"Multiculturalism" demands that the US be tolerant of everything except its own past, culture, traditions, and identity.
Simple differential calculus, we see what effect variance of a single variable will have of the function. Partial diffentiation allows us to see what effect the variance of multiple variables will have on the function. That is the point being made.
A number of different factors figure into the total equation of climate change. Some of what we are doing is having an effect, while some other factors outside our perview are also having a factor. Our lifeboat is being swamped and is sinking. We could either try to bail out our lifeboat, or sit back smugly saying that we have nothing to do with the situation. I don't know about you, but I'd be bailing out as fast as I could.
The US Conservative position about what causes climate change and that we should wait before acting is really pretty stupid.
In terms of making their corporate overlords happy by pandering to voter resentment, and at the same time denying the existence of a pretty overwhelming scientific consensus about climate change, I'd say the right wing has been anything but stupid.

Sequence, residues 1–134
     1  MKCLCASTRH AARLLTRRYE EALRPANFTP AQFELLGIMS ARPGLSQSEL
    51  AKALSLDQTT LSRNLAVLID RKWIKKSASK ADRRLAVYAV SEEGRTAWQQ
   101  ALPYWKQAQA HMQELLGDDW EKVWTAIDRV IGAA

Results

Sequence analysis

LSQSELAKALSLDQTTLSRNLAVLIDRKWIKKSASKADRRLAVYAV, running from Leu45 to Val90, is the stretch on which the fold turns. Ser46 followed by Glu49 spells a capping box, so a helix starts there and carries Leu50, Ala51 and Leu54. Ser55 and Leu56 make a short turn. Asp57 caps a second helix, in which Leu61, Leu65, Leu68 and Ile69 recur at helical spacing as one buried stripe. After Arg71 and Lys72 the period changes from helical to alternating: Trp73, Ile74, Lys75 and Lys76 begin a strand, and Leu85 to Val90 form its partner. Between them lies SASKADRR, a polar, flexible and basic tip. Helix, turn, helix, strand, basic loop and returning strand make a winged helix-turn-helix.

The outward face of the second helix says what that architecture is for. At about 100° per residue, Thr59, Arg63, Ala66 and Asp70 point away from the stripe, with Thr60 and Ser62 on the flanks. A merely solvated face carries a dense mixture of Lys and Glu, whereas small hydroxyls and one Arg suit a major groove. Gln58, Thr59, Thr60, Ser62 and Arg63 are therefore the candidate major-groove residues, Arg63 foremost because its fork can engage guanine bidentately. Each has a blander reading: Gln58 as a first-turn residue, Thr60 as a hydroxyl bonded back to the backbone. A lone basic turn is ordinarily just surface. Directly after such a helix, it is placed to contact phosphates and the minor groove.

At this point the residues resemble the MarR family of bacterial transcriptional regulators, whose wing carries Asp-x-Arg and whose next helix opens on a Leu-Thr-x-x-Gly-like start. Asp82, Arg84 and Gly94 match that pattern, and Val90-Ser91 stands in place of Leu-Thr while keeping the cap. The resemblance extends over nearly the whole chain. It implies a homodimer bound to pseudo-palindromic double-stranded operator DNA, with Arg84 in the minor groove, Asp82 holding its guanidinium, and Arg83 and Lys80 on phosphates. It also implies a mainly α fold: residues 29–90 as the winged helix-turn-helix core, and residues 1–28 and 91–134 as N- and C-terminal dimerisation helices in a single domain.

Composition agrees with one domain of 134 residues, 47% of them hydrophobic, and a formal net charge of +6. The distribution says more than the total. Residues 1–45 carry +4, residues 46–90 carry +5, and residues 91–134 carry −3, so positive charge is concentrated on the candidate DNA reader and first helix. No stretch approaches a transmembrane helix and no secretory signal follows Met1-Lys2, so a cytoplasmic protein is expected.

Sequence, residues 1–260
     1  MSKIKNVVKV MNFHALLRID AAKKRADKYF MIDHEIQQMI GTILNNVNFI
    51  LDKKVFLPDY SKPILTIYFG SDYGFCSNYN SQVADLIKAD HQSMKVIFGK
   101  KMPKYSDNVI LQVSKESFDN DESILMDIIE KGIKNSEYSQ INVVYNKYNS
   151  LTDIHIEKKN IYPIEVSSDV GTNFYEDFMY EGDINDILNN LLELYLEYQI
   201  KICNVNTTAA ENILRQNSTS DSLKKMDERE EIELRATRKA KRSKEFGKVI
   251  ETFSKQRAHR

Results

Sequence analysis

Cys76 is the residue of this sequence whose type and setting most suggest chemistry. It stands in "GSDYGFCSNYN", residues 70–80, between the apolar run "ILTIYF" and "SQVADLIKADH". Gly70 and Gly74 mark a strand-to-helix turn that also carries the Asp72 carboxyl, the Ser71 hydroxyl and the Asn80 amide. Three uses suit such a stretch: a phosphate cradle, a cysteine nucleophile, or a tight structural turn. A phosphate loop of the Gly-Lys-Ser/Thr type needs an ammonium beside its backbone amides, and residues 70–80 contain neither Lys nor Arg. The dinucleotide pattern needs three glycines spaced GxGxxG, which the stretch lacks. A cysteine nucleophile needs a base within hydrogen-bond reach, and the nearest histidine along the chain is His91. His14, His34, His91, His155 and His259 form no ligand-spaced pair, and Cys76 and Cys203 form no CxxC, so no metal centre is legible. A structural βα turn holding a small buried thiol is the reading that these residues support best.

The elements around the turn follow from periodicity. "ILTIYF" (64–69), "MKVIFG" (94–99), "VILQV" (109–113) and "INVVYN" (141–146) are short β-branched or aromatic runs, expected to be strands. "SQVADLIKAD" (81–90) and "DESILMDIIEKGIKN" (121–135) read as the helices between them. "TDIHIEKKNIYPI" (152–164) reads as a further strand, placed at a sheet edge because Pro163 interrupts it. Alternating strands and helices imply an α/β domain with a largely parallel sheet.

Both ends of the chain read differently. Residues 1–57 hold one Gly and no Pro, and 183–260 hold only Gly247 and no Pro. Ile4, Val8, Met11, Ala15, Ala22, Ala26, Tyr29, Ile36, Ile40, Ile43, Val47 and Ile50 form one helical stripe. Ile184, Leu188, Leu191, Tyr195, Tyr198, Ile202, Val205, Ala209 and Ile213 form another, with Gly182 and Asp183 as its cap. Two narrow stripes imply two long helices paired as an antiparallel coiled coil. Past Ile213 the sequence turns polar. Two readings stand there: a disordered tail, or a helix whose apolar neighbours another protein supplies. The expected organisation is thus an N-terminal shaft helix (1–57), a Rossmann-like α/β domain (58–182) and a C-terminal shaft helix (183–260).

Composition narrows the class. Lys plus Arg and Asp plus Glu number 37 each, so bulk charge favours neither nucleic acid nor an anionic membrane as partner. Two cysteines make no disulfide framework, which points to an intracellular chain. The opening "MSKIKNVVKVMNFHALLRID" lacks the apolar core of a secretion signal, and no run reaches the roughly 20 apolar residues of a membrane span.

I'm with you on the magnitude of this problem. The ironic thing is that we should be taking drastic steps immediately whether or not we affirm the validity of the climate change model itself; resource management and infrastructure investments are essential for many reasons apart from the threat of global warming.
And the problem isn't that the facts aren't out there, it's that they don't fit into the neoliberal narrative of deregulation, enabling private capital, and plundering the environment for short-term return on investment. Since pop-science educational programs like Cosmos and Nova are sponsored by folks like the Koch Brothers, FOX, Samsung, and Chrysler, don't expect to see them make more than a token mention of the problem either.